B. Magloire from VOA [Public domain], via Wikimedia Commons

October 12, 2019; The Root

This year, NPQ readers have watched citizens rise up against unjust systems and, in some cases, win. This month, we look to Haiti, where protestors are demanding the resignation of President Jovenel Moïse.

Moïse is implicated in a scandal called “PetroChallenge.” After the 2010 earthquake that killed hundreds of thousands, Venezuela offered financing for social programs to Haiti through its PetroCaribe program. An audit found that Moïse and his government embezzled billions.

It’s not just Moïse whom protestors resent. The government as a whole has not lived up to its promises for years. Since the fall of “Papa Doc” Duvalier and his son Jean-Claude “Baby Doc,” only two Haitian presidents have lasted a full term. Citizens say the whole system needs examining. One protestor said, not without some truth, “No government has ever done anything for us.” Nine years later, piles of rubble from the quake still haven’t been cleared.

Maria Gracia Santillana at IR Insider explained that many blame US meddling in Haitian politics for the quagmire. As it has in many countries, the US has supported or propped up leaders who support its interests, sometimes at the expense of the country’s wellbeing. “There is no trust in institutions,” said Professor Etzer Emile of Haiti’s Quisqueya University.

Haitians say they have had enough and have effectively shut down the capital for weeks. Schools and businesses are closed, and protestors promise they will remain so until Moïse steps down.

Twenty people have died in the past month, including three journalists. Néhémie Joseph of Radio Méga was killed on Thursday, after he said that politicians had been threatening him for reporting on the protests.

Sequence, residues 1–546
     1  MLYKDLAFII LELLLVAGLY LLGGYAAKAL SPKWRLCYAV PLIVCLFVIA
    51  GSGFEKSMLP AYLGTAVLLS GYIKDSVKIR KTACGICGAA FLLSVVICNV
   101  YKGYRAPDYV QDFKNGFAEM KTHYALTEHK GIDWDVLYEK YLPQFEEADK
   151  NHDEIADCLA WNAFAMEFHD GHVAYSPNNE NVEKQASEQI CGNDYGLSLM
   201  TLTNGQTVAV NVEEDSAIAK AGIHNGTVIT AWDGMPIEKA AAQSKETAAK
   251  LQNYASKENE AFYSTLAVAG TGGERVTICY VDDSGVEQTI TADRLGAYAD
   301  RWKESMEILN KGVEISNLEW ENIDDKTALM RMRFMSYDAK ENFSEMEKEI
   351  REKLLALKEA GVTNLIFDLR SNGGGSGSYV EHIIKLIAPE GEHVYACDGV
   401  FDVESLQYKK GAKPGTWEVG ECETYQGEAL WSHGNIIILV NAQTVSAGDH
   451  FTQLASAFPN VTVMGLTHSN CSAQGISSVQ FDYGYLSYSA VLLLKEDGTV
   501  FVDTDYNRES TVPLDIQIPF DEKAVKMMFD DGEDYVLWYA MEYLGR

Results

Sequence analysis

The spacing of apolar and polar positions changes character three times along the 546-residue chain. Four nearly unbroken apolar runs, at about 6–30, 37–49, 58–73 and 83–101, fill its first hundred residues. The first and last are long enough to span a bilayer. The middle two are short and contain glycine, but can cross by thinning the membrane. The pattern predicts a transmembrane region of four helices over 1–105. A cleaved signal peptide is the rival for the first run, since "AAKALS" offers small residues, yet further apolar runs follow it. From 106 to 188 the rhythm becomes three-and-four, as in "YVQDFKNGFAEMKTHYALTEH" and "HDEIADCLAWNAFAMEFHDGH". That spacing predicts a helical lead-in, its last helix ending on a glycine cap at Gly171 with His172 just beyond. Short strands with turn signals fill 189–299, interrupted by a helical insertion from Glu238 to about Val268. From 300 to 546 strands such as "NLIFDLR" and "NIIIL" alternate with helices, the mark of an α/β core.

Miami Herald reporter Jacqueline Charles has been reporting on Haiti for over 10 years. She writes that on Sunday, churches, civil society groups, businesses, and other citizens were called together by artists for a peaceful march. She described a “carnival atmosphere” in which protestors sang Jovenel lage pyew and (“get out Jovenal”) Jojo Domi Deyo (“game over, Jojo”).

The artists included Joseph “T-Joe” Zenny, lead singer of the Haitian konpa group Kreyol La, and solo artist Roody Roodboy. The largest protest was in the capital, Port-au-Prince, but a parallel protest was held in Cap-Haitien.

Over 100 civil society organizations signed a letter supporting a transition, describing “material and moral misery” and “enormous frustrations.” After months of resistance, Moïse caved and said he would agree to convene a commission to find a solution, but many protesters have called this “too little, too late.”

Even members of government have said there is no way forward with Moïse. Naomi Pierre, who works at the police academy, said, “It’s best for the country.” Senators are joining the protestors.

“It’s not one person, it’s not one regime, it’s not a president, it’s not the bourgeoisie, but it’s us who should do it,” one Haitian youth told Santillana.

NPQ readers will remember this past summer’s protests in Puerto Rico. Cyndi Suarez said then, “The discourses for a more equitable future are coming not from leaders in these systems, but from artists.”

In Haiti, protests are coming from artists, entrepreneurs, and citizens who’ve empowered themselves. They honor the fallen journalists and hold out for change.—Erin Rubin